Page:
In this post I want to share the results of some of my initial Microsoft Fabric Git integration tests for Power BI reports. Based on tests that I performed in the public preview version of Microsoft Fabric.
I have been very keen to do these tests. Due to my background with CI/CD, including the GitHub repositories that I share. Such as the one you can use as a template to perform CI/CD for Microsoft Fabric Data Warehouses using Azure DevOps.
To manage expectations, this post covers:
- Brief overview of Microsoft Fabric Git integration.
- How I converted a Power BI report to a Power BI Desktop project containing metadata files.
- Converting the folder that contains the Desktop project into a Git repository.
- Synchronizing the Git repository with Azure DevOps.
- Setting up Microsoft Fabric Git integration.
- Initial tests.
- Interesting workaround to deploy a second Power BI report using metadata.
In addition, this post contains plenty of links.
To follow along with this post you can read my other post that covers how to create your own Microsoft Fabric environment. Which includes how to setup both Microsoft Fabric and Azure DevOps.
One key point to note is that Microsoft Fabric is now generally available. You can read more about this in detail in the official post by Ryan Majidimehr.
Overview of Microsoft Fabric Git integration
Just to clarify, Microsoft Fabric Git integration allows you to synchronize supported items in a Microsoft Fabric workspace with a Git repository stored in Azure DevOps.
Which gives you the flexibility to work with various items in multiple workspaces and opens up some interesting options.
For example, the code for a Power BI report along with a dataset can be stored in a Git repository and synchronized with one or more workspaces. Like in the below diagram.
Note that in the above diagram the arrows go both ways. To highlight that changes can be bi-directional.
To manage expectations, this post only covers deploying to a single Microsoft Fabric workspace. If you are keen to deploy to multiple workspaces I recommend my other post about working with Microsoft Fabric Git integration and multiple workspaces.
At this moment in time, the supported items for Microsoft Fabric Git integration are Lakehouses, notebooks, reports, paginated reports and semantic models(datasets).
Examples in this post
For this post I used my own Microsoft Fabric public preview environment which contains a new workspace. In addition, an Azure DevOps organization that I created in the same environment.
In addition, I used the same Git repository that I created for my post. Which covers how to prepare Azure DevOps for Microsoft Fabric Git integration.
As for the report, well I happen to have one from my previous post.
New Power BI project
Now there are many variations of the order of initial steps below. For example, I could initialize the new Git repository in Azure Repos. However, to follow the flow in the diagram earlier in this post I will start with creating the report first.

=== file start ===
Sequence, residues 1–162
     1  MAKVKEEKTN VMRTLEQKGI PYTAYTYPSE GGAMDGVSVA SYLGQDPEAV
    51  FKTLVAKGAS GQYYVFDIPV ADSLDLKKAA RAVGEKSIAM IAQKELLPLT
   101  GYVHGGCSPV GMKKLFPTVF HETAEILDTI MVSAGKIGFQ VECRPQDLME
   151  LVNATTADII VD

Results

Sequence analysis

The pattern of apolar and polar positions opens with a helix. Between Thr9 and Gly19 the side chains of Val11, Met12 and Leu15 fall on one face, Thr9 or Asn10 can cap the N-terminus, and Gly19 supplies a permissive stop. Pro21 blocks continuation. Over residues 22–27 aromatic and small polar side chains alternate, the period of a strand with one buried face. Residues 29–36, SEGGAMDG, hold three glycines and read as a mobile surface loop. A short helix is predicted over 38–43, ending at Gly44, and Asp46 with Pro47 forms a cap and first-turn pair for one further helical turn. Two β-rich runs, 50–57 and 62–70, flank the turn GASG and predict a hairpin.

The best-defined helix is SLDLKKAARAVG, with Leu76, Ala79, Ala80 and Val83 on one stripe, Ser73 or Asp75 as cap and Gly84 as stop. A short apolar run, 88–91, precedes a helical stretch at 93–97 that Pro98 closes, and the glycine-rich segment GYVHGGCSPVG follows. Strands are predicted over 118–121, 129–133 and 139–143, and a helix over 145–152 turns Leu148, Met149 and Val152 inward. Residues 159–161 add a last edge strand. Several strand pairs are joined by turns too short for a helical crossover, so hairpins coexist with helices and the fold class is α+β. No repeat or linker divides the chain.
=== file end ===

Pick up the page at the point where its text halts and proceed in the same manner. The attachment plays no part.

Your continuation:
To prepare my Power BI report for this post I enabled the ‘Power BI Project (.pbip) save’ option in Power BI Desktop. Which is covered in ‘Enable preview features‘ section of the Power BI Desktop projects documentation.
I then went to save the existing report as a project by selecting the ‘Power BI project files’ type.
Tip: I strongly advise you save your project files in brand new folder. In order to keep them all together and everything neat and tidy. It would be nice if Power BI Desktop had an option to do create the project in a new folder.
Once done I went into Visual Studio Code and opened up the folder that I created which contains the Power BI Desktop project files. I expanded the folder view by one level below so that you can get an idea of what files are there.
Anyway, to make this folder a local Git repository I went into source control in Visual Studio Code and selected ‘Initialize Repository’. I then did an initial commit of all the files to the Git repository by adding a message and clicking the blue ‘Commit’ button.
To help with some jargon, a commit is basically a hard save to the Git repository. Behind the scenes the commit is logged in a hidden ‘.git’ folder within the repository.
Synchronize local repository with Azure DevOps
I was then ready to synchronize this repository with my new one in Azure DevOps. Again, there are many ways to do this.
One way is to get the path to the new repository in Azure DevOps as below and add it as a remote using the Visual Studio Code menu.
Alternatively, you can open up a terminal in Visual Studio Code and copy the two lines that are in the “Push an existing repository from command line”. Which to me seems more graceful. However, you miss the full menu experience.
Anyway, once done I clicked refresh on the empty repository in Azure DevOps and it showed objects.
So, I went into my workspace in Microsoft Fabric and opened up workspace settings to configure Git integration.